Grafana LokiClientsLambda Promtail

Lambda Promtail

Grafana Loki includes Terraform and CloudFormation for shipping Cloudwatch logs to Loki via a lambda function. This is done via lambda-promtail which processes cloudwatch events and propagates them to Loki (or a Promtail instance) via the push-api scrape config.

Deployment

lambda-promtail can easily be deployed via provided Terraform and CloudFormation files. The Terraform deployment also pulls variable values defined from vars.tf.

For both deployment types there are a few values that must be defined:

  • the write address, a Loki Write API compatible endpoint (Loki or Promtail)
  • basic auth username/password if the write address is a Loki endpoint and has authentication
  • the lambda-promtail image, full ECR repo path:tag

The Terraform deployment also takes in an array of log group names, and can take arrays for VPC subnets and security groups.

There’s also a flag to keep the log stream label when propagating the logs, which defaults to false. This can be helpful when the cardinality is too large, such as the case of a log stream per lambda invocation.

In an effort to make deployment of lambda-promtail as simple as possible, we’ve created a public ECR repo to publish our builds of lambda-promtail. Users are still able to clone this repo, make their own modifications to the Go code, and upload their own image to their own ECR repo if they wish.

Examples

Terraform:

terraform apply -var "lambda_promtail_image=<repo:tag>" -var "write_address=https://logs-prod-us-central1.grafana.net/loki/api/v1/push" -var "password=<password>" -var "username=<user>" -var 'log_group_names=["/aws/lambda/log-group-1", "/aws/lambda/log-group-2]'

The first few lines of main.tf define the AWS region to deploy to, you are free to modify this or remove and deploy to

provider "aws" {
  region = "us-east-2"
}

To keep the log group label add -var "keep_stream=true".

Note that the creation of subscription filter in the provided Terraform file only accepts an array of log group names, it does not accept strings for regex filtering on the logs contents via the subscription filters. We suggest extending the Terraform file to do so, or having lambda-promtail write to Promtail and using pipeline stages.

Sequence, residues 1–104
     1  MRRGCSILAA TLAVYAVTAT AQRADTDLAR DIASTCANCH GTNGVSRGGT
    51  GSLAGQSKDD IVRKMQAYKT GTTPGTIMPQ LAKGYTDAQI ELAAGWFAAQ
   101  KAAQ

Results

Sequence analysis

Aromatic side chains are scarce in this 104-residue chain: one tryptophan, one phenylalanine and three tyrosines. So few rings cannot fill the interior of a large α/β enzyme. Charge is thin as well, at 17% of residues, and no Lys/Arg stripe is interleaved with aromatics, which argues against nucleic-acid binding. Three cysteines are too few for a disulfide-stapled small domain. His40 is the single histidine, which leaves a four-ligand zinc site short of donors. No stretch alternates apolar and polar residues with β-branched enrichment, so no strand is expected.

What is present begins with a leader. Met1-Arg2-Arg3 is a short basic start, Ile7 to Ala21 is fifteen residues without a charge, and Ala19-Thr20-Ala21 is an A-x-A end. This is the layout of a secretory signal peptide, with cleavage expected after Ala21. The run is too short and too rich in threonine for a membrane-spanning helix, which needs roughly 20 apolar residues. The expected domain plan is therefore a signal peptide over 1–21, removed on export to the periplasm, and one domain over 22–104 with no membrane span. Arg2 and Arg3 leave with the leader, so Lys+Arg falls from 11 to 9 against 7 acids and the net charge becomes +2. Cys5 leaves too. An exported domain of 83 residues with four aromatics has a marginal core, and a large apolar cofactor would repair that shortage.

CloudFormation:

aws cloudformation create-stack --stack-name lambda-promtail --template-body file://template.yaml --capabilities CAPABILITY_IAM CAPABILITY_NAMED_IAM --region us-east-2 --parameters ParameterKey=WriteAddress,ParameterValue=https://logs-prod-us-central1.grafana.net/loki/api/v1/push ParameterKey=Username,ParameterValue=<user> ParameterKey=Password,ParameterValue=<password> ParameterKey=LambdaPromtailImage,ParameterValue=<repo:tag>

Within the CloudFormation template file you should copy/paste and modify the subscription filter section as needed for each log group:

MainLambdaPromtailSubscriptionFilter:
  Type: AWS::Logs::SubscriptionFilter
  Properties:
    DestinationArn: !GetAtt LambdaPromtailFunction.Arn
    FilterPattern: ""
    LogGroupName: "/aws/lambda/some-lamda-log-group"

To keep the log group label add ParameterKey=KeepStream,ParameterValue=true.

To modify an already created CloudFormation stack you need to use update-stack.

Uses

Ephemeral Jobs

This workflow is intended to be an effective approach for monitoring ephemeral jobs such as those run on AWS Lambda which are otherwise hard/impossible to monitor via one of the other Loki clients.

Ephemeral jobs can quite easily run afoul of cardinality best practices. During high request load, an AWS lambda function might balloon in concurrency, creating many log streams in Cloudwatch. For this reason lambda-promtail defaults to not keeping the log stream value as a label when propagating the logs to Loki. This is only possible because new versions of Loki no longer have an ingestion ordering constraing on logs within a single stream.

Proof of concept Loki deployments

For those using Cloudwatch and wishing to test out Loki in a low-risk way, this workflow allows piping Cloudwatch logs to Loki regardless of the event source (EC2, Kubernetes, Lambda, ECS, etc) without setting up a set of Promtail daemons across their infrastructure. However, running Promtail as a daemon on your infrastructure is the best-practice deployment strategy in the long term for flexibility, reliability, performance, and cost.

Note: Propagating logs from Cloudwatch to Loki means you’ll still need to pay for Cloudwatch.

Propagated Labels

Incoming logs can have three special labels assigned to them which can be used in relabeling or later stages in a Promtail pipeline:

  • __aws_cloudwatch_log_group: The associated Cloudwatch Log Group for this log.
  • __aws_cloudwatch_log_stream: The associated Cloudwatch Log Stream for this log (if KEEP_STREAM=true).
  • __aws_cloudwatch_owner: The AWS ID of the owner of this event.